Well let’s just say it was a bad day at the office!

Or more honestly, just how out of my league I was.

I so desperately want to be part of these guys club that I definitely over thought and over analyzed the task at hand. For the first few holes anyhow. Then I let it happen a little but but by then it was too late.

On a day when -6 is the number everyone has got lodged in the back of their mind, when you find yourself five over after five holes you know deep down that you’ve messed up your chance.

The rest of the round I spent simply smacking it round with no game plan.

I could have walked off after 9 holes like many others did, but I’m not a quitter. Plus I was playing with Bubba Dickerson and Kevin Tway who both had good rounds going. So I wanted to spend as much time with them as I could so I could pick up a few bits of information to take into my own game and of course apply to my teaching.

Kevin just missed out shooting 68 (-4) but Bubba qualified with a 65 (-7) taking 2nd place out of the 4 spots up for grabs. See the full results here

What did I learn?

Well the first thing I took was that these two guys treated it like a Sunday afternoon stroll. They were definitely in a much quieter mental state than I was.

Plus they had caddy’s and I was dragging my tour bag round on a pull cart with flat tires. I didn’t realize it was all walking and no ride on carts. What a rookie!

So the pro in the shop let me have a pull cart from the lost and found. It was better than having to carry my tour bag. But I was immediately at a disadvantage.

I got myself into a super determined/confident state whilst I was warming up and then took it to the first tee. I hit a drive right on the tenth (my first hole). I hybrid right on eleven, a drive right on thirteen and pulled a 5 iron left into the water on 14. It was all over for me within an hour of pegging it up on the first tee.

These guys were playing in a quiet/confident state and I was playing as though I was playing in the US Open. I guess I lost my focus a little in the sense that I was chasing the birdies rather than letting them come to me.

I believe we should play this game with our foot on the accelerator pedal but there’s a fine line between speeding and cruising.

I believe we should make aggressive swings, but play the game conservatively. For the first few holes I played as though I was trying to hole everything from the fairway or tee box.

When you cruise, the birdies just kind of happen. When you speed and chase them, it kind of forces mistakes.

It’s not that difficult a game. Hit the fairway, hit the green, then try and make the putt. But when your foot is all the way down on the accelerator pedal even the most simple par 3’s are made more difficult.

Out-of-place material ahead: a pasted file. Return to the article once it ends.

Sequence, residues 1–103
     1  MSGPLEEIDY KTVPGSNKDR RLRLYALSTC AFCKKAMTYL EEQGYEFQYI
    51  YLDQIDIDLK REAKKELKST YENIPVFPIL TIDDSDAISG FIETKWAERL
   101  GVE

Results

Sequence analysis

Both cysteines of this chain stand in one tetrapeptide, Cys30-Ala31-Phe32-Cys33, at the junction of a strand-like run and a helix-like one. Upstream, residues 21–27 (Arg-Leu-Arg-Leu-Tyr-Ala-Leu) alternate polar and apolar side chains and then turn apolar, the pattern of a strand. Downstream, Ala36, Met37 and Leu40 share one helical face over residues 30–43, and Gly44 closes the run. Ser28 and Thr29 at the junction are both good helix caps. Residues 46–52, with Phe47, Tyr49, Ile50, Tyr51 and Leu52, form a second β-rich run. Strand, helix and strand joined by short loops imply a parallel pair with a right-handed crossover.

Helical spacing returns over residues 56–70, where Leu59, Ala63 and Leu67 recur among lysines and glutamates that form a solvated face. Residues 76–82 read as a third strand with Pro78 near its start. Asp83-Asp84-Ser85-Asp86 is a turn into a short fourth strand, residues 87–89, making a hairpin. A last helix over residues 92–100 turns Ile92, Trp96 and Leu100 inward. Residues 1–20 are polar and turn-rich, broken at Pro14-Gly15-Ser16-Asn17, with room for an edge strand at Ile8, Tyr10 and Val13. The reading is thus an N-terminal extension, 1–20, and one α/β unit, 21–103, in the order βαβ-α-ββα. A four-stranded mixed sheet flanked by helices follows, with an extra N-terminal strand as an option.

So what I learned from being up close and personal with someone like Bubba Dickerson (who won the US amateur back in 2001) is that less is more, especially in pressure situations like Monday qualifying for a spot in a PGA Tour event.

I learned a lot from playing alongside him, and I only wish I could have shown him a bit more of what I’m made of.

Another thing I learned, which makes me even more certain about the short game is that it’s all about touch and feel. “See it, Feel it, Do it” as my old mentor Mitchell Spearman used to say.

Both Bubba and Kevin spent very little time over the ball when they were on the putting green. They didn’t let any negative thinking enter they’re mind.

Bubba started his routine behind the ball and walked up next to ball without taking any practice strokes. He simply felt what he had to do with the weapon in his hands and walked in and executed. He hardly missed a putt all day and it was very impressive to watch.

Repetition Repetition Repetition

Ultimately it comes down to this. The fact that these two guys I was playing with approached they’re game in a different manner to me was because they’ve been there probably hundreds of times. They play the game for a living. When it’s your primary job you have to put yourself in that situation again and again and eventually you get used to it.

It’s no real surprise that Tiger Woods was winning his first Major at age 21 if you do some research into his amateur career beforehand. he won three US amateur C’ships back to back before turning pro. Can you imagine the pressure situations he found himself in again and again. After a while, what used to feel like high pressure just doesn’t anymore.

This is really one of the keys to progressing at this game and anything else and it’s important to understand. Repeating a task over and over eventually makes the task easier and more automatic. It’s the same for learning the swing as it is for turning yourself into an accomplished player. Just keep on going and don’t ever ever give up.

Everyone fails first. But the key is to learn from your mistakes.

As for my playing career, well I know I’ve got the game to compete against these guys. The problem is experience.

I’ve spent the last sixteen years or so as a PGA Pro. Teaching the swing and game to others and trying my luck in tournaments when my game was good. To play on tour your game has to be good all the time, no exceptions.

So I’ll keep plugging away at my game and teaching you what I learn in the process. After all, I want to be one of those Pro’s who can walk his walk and not just talk it.

Come and join my online academy and I’ll teach you what I’ve learned so far as a teacher and a (wannabe) player (yes I’m still sulking)..